Last week my family and I flew from Florida to Arizona to de-install Lift, and have ourselves a little family vacation out west. The first half of our travels were dedicated to boxing up and shipping the installation.
This sculpture was the first time I’d shown work this large, and I did it an awfully long way from Gainesville, FL. To say the very least I learned a lot, and in this particular chapter of the whole experience I learned to crate and ship a large piece across the country on a budget.
In February I’d driven Lift all the way to Scottsdale, Arizona on my trailer. It was padded and mounted to some rough frames and tied down tight for the ride.
For this go around I’d decided to fly to Phoenix and have Lift freight shipped back to Florida. After the epic drive in February I looked closely at the costs of transportation and found freight shipping to be in line with, if not cheaper than hauling the piece across the country myself. Because I had not crated or boxed the piece for delivery the first time I would need to build the boxes for the piece in Arizona before I could ship it back home.
Here’s how it went.
That’s my Dad- John Tharp. Dad’s a General Contractor and holds several patents in the hydroelectric energy field, so I was pretty grateful when he said he’d come along and lend a hand building these boxes.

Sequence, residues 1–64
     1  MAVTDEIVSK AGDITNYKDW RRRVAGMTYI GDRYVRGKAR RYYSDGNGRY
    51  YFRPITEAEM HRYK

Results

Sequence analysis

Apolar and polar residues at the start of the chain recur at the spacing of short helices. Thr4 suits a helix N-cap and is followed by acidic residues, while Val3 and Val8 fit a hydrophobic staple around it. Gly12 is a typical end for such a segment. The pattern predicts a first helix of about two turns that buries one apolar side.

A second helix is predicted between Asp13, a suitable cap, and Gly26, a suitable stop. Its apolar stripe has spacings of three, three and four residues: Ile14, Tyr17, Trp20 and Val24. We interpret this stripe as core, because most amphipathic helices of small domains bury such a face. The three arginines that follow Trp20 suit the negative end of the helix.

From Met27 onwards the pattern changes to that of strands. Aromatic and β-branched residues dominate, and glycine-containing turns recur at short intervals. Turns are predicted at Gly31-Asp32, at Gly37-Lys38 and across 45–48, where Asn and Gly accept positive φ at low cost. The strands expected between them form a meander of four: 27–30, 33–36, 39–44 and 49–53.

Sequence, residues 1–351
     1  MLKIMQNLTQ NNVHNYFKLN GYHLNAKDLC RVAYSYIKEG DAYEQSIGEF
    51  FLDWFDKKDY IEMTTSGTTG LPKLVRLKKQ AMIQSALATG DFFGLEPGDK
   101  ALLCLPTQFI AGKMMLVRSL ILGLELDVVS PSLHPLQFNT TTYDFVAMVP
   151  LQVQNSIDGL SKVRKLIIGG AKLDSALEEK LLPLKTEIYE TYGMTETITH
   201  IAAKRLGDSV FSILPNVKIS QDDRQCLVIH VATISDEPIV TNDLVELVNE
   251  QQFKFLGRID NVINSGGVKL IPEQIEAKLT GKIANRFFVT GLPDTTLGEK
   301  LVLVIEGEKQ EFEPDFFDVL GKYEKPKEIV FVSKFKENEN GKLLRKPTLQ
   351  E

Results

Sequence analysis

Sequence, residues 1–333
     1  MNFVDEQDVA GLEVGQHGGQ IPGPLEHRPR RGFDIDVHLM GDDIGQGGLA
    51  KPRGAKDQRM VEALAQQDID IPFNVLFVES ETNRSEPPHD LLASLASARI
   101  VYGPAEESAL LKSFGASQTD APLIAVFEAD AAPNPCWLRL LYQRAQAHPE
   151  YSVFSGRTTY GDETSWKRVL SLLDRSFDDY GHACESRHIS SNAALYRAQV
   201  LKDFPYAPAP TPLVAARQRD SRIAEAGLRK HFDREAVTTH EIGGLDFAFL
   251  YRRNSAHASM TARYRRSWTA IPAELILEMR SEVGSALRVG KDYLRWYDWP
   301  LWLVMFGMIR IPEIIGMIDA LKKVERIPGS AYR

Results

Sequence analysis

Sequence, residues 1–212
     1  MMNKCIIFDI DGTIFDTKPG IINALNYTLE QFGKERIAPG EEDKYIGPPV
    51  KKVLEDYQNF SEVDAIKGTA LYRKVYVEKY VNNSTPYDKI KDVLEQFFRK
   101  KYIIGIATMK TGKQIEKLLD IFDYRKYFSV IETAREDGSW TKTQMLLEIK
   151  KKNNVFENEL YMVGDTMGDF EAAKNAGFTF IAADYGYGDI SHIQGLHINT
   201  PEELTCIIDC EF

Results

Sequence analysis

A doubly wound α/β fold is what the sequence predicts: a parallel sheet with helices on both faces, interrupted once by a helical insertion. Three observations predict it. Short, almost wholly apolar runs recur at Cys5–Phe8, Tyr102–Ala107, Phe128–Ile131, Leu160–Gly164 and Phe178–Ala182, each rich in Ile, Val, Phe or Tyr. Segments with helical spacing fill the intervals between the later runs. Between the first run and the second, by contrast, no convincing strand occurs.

Once all our materials were inside we could get out of the 110 degree heat and get to work in the nice cool air conditioning!! Yes- this was a very important part of the process, and worth mentioning.
We built a wooden “exoskeleton” for each crate. The balloons were placed on big sheets of cardboard and zip-tied down. The cardboard was then layered and everything was sandwiched together with the wooden exoskeleton.
We padded the baskets with more cardboard and plastic wrap and then build a wooden frame around the pallet and sheeted it with cardboard for some level of protection. We had extra space inside the crate and were able to include the hardware from installation, along with all the stainless steel cables and some other scrap materials.